For Aya Quayson’s spirit
Always pound the fufu with salt
It lasts longer that way
Our family has always tethered our souls to food
Wash your face with water from the mortar,
The water with bits of pounded plantain and cassava drifting in it
That’s how your eyes will be able to gaze into the realm of the dead
Our ancestors float above the simmering pots in the kitchen
Ginger, garlic and chilis sautéed in a pan
Our founding mothers are in the kitchen shaking their heads at the food we adopted
Always pound the fufu with salt when you call one of our departed
Our family needs to relearn how to tether our souls
We need to call on the dead
Our history is turning into a collective hallucination
Aya was a witch. Don’t distance yourself from these facts. It wasn’t a malevolent thing then.
To call Aya you will need ripe plantains
Mash them into a pulp
This meal you are making is ofam. Do we still make it?
Rice flour is Aya’s essence
If you use any other flour she won’t show up in your kitchen.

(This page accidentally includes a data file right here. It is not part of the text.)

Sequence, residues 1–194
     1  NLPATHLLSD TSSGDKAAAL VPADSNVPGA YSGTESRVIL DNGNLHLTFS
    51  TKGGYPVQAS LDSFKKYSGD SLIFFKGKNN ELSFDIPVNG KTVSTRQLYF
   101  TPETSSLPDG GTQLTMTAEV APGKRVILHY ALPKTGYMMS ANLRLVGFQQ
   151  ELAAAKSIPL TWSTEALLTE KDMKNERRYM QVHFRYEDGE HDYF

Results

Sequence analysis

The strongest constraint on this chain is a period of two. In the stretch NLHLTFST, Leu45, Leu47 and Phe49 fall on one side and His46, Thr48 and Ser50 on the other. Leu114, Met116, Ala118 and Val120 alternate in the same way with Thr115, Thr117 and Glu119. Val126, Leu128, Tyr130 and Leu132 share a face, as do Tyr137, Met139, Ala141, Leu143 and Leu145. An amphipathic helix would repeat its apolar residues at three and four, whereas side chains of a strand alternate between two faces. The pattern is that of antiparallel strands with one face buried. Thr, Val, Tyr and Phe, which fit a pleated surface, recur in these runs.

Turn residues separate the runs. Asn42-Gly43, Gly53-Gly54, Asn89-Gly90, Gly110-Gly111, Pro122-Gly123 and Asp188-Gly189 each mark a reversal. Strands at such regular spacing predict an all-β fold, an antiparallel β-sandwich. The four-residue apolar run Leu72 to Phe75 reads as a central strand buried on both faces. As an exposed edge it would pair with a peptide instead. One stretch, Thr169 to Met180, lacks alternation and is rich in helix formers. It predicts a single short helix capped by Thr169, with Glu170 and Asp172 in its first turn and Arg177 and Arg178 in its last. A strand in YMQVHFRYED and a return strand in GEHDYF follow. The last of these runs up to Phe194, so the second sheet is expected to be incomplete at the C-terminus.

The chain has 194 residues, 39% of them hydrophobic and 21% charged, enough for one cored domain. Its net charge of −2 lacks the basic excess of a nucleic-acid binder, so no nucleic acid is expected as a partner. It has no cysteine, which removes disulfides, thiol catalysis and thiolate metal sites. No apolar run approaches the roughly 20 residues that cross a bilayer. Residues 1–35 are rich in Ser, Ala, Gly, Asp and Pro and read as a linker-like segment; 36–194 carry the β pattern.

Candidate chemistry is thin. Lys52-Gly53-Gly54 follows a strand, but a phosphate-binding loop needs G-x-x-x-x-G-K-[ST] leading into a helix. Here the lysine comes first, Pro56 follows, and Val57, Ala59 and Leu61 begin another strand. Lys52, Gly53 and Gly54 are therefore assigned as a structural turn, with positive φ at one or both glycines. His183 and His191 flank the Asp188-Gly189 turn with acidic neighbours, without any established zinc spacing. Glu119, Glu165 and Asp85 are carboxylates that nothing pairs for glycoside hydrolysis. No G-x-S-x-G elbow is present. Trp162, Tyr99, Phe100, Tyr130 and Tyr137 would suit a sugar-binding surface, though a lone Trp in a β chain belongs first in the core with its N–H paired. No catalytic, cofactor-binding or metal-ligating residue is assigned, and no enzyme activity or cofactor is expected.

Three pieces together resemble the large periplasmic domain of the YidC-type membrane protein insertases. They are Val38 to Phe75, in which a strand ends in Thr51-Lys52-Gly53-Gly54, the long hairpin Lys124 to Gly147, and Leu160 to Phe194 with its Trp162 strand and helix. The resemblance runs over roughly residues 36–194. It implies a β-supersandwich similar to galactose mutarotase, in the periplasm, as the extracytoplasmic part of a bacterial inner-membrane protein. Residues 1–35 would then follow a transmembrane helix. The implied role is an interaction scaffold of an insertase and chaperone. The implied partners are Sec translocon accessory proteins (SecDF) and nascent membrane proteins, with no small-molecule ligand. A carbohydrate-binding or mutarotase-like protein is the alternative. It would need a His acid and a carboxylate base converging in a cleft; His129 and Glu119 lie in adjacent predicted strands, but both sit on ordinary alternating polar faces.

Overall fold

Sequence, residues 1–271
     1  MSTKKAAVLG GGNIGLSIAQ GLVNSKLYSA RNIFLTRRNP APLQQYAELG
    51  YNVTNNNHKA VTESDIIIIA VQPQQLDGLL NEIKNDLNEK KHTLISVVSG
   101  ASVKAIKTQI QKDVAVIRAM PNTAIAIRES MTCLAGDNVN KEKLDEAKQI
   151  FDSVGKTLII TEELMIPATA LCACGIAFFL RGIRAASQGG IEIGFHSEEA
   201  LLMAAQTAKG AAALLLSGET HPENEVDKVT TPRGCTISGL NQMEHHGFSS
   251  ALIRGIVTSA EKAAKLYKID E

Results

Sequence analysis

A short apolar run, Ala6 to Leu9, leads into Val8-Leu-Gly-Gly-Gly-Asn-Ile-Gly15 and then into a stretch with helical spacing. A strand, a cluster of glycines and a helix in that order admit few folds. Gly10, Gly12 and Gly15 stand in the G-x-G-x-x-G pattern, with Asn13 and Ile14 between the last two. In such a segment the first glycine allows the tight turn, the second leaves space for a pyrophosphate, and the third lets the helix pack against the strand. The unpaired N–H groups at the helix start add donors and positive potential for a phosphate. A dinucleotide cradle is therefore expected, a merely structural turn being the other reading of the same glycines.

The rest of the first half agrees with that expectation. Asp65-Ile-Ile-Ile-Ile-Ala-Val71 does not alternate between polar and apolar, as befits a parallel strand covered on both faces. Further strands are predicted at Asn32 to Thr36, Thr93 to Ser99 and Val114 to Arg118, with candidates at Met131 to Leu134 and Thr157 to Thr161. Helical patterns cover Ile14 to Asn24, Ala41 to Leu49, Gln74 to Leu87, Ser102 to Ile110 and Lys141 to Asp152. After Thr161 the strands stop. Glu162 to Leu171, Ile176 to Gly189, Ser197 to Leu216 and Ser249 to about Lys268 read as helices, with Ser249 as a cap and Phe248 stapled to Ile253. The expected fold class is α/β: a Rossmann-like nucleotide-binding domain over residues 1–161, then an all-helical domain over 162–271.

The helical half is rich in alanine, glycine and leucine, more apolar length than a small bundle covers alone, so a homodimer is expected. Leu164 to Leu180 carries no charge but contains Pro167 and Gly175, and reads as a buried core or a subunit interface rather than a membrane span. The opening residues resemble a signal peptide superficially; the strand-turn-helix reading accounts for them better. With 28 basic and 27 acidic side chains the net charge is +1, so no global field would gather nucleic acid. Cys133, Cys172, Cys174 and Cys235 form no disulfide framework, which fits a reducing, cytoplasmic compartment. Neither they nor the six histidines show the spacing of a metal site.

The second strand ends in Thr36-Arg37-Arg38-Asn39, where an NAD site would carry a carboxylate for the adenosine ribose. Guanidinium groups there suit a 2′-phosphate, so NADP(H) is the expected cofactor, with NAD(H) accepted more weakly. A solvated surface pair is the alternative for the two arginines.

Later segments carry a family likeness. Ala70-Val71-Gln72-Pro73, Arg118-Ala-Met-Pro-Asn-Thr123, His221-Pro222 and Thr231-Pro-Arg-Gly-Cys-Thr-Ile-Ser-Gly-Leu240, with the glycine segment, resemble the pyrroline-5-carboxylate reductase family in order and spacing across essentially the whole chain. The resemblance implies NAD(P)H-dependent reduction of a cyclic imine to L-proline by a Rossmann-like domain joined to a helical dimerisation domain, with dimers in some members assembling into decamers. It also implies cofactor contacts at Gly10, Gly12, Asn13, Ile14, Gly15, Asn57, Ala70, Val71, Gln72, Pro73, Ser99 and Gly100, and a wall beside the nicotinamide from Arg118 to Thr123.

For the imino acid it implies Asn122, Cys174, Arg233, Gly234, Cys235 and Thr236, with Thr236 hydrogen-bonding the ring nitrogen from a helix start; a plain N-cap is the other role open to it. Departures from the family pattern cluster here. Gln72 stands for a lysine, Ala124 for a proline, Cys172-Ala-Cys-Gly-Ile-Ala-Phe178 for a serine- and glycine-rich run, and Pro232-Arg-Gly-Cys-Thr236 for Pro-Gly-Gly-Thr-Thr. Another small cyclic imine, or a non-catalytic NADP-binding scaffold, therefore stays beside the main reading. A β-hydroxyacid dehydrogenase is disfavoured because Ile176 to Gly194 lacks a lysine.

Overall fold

When she does, she should be in orange wax print. If she is not, throw sugar in her face
Your ofam probably didn’t bake through properly
Open your ears
Shine your eyes
You won’t have much time when Aya hauls herself onto your counter
Ask your questions with care. She is prone to riddles
When she leaves eat the ofam,
All of it before you call our next ancestor
Or you will sever their connection to our family
For Baaba Quayason’s spirit
Nana Afadua Ofori-Atta is a Ghanaian writer and poet. Her writing has appeared in Lolwe, Fantasy Magazine, oranges journal, AFREADA and elsewhere. Nana Afadua can be found on Twitter @afaduawrites.
photo by Overly Olu (via pexels)